Neil Armstrong Takes One Small Step Into the Unknown

Neil Armstrong on the Gemini 8 in 1964

Neil Alden Armstrong, born on August 5, 1930 was the first man to set foot on the moon (whether you believe it happened or not), placing him up there amongst those never-to-be-forgotten pioneers who have inspired and captivated our imaginations throughout history.

His career path took him on an interesting journey, from aerospace engineer and university professor to test pilot, United States Naval Aviator to becoming a NASA astronaut during the height of the Cold War.

He will be remembered for his landmark statement as he set foot on the surface of the moon in 1969, “One small step for man, one giant leap for mankind.” He actually corrected the press after the Apollo 11 mission when he stated that he actually said, “This is one small step for a man…”

Neil Armstrong in his later years

Neil Armstrong in his later years, still smiling after possibly seeing the world from a unique perspective.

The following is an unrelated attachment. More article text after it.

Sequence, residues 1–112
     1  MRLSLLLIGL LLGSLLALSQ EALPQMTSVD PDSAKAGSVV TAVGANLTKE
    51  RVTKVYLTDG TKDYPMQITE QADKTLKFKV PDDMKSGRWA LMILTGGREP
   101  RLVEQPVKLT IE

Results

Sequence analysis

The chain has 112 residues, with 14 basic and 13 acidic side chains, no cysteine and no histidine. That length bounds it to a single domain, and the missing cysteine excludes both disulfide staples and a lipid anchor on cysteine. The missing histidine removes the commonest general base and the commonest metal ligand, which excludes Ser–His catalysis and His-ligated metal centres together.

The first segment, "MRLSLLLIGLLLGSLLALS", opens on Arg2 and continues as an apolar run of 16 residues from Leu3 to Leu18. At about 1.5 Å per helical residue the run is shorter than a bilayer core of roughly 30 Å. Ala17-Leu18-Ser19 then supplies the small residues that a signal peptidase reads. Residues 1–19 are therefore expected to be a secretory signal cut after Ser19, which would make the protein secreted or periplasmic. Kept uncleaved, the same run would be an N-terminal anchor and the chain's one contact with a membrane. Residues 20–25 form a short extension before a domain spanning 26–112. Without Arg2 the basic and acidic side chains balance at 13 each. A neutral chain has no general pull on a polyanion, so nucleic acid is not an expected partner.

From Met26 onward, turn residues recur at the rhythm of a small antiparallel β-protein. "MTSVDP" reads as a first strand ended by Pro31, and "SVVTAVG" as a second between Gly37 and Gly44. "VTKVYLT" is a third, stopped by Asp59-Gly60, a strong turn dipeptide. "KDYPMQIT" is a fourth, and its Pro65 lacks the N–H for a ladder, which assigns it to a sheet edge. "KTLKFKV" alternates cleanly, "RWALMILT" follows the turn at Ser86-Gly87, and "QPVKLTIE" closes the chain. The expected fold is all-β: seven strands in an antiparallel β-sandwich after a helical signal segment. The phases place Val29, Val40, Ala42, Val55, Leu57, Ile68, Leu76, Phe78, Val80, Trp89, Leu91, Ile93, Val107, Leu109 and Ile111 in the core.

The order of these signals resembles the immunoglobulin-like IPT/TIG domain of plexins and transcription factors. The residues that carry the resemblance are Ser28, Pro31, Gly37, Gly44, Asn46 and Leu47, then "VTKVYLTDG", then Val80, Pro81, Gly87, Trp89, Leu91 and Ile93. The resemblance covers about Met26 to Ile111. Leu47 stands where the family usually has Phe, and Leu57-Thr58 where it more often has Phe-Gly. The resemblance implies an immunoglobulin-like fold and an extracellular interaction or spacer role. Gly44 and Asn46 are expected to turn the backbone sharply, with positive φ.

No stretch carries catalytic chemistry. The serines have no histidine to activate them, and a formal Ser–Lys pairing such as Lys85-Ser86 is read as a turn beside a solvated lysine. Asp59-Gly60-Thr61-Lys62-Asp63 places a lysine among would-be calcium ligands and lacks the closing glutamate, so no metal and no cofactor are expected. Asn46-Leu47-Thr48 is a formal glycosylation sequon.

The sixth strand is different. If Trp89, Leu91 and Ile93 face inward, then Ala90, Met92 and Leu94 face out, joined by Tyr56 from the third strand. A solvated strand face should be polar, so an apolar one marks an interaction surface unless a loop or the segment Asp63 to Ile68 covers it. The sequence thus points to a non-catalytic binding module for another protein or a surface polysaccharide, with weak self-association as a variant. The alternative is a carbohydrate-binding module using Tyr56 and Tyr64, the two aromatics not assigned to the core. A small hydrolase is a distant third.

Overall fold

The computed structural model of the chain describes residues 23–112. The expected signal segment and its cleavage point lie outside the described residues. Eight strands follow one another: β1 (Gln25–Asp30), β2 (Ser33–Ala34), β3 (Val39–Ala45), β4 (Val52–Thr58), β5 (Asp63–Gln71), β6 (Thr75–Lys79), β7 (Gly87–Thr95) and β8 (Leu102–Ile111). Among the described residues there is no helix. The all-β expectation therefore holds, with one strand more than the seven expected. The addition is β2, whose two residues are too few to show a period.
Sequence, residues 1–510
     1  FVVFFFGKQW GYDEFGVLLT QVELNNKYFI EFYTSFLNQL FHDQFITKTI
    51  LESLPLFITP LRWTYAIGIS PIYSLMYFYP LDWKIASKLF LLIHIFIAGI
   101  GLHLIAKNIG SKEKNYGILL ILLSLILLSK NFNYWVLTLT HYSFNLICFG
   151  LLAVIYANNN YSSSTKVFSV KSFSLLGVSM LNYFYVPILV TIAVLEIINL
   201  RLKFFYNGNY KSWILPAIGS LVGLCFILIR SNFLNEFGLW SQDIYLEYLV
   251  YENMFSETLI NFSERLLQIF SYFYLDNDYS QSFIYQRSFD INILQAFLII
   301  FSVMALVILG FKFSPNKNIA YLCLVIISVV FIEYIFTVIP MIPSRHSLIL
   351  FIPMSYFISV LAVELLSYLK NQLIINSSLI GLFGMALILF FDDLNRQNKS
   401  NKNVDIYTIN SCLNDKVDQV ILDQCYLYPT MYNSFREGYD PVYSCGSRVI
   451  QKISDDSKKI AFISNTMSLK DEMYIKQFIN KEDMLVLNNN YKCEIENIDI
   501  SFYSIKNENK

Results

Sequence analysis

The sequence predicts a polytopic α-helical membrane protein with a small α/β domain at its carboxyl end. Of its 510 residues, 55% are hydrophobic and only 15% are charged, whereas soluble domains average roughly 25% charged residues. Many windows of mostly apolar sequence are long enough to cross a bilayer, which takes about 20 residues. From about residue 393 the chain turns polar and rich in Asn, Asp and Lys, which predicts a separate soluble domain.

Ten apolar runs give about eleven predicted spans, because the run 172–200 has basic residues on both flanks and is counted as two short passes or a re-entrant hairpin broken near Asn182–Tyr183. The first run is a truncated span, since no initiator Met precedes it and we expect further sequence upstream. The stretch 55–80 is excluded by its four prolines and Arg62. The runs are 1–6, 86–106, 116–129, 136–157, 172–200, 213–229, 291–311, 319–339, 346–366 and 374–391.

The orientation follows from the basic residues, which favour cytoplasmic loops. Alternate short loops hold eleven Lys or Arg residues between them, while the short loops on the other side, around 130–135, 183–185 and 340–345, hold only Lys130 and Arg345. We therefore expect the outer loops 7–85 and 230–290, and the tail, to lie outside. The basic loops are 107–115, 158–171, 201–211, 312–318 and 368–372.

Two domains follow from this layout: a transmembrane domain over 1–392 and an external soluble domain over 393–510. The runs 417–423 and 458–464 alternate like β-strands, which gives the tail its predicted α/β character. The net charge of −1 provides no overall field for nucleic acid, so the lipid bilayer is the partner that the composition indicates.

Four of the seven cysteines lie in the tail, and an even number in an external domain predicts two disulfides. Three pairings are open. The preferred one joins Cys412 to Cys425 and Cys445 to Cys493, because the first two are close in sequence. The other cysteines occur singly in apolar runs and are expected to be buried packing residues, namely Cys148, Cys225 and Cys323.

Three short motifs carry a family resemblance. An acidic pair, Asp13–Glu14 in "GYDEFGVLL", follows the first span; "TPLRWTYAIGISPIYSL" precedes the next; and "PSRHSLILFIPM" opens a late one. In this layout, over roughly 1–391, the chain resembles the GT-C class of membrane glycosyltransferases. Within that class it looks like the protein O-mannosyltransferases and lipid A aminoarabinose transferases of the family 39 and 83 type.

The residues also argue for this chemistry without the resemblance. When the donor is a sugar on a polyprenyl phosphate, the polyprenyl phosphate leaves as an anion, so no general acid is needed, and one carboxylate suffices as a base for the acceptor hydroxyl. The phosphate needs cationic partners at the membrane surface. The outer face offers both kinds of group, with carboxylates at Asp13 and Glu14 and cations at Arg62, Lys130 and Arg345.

Armstrong was the candidate to head the mission which was America’s response to Russia putting man into orbit via their Sputnik programme. The USA couldn’t be seen to be behind their arch rivals (enemies is too strong a word) and before the world knew it they were planting a flag on the surface of that dusty old rock which follows us everywhere and the world, barring the eastern block, had a jolly big party.

Two days after his 82nd birthday, on August 7, 2012, Armstrong was admitted to hospital for a procedure to relieve blocked coronary arteries. The operation itself was a success but he fell ill afterwards due to possible infection.

He remained in Columbus, Ohio hospital until August 25 when he passed away at 2:45pm due to rising complications resulting from the surgery; a man who, if the stories are true, was lucky enough to have seen the earth as no others may possibly be able to – far from the madness, a green blue orb spinning gently and peacefully in the inkiness of space.

One small step for a man, now into the unknown.

Images:

space.com

techi.com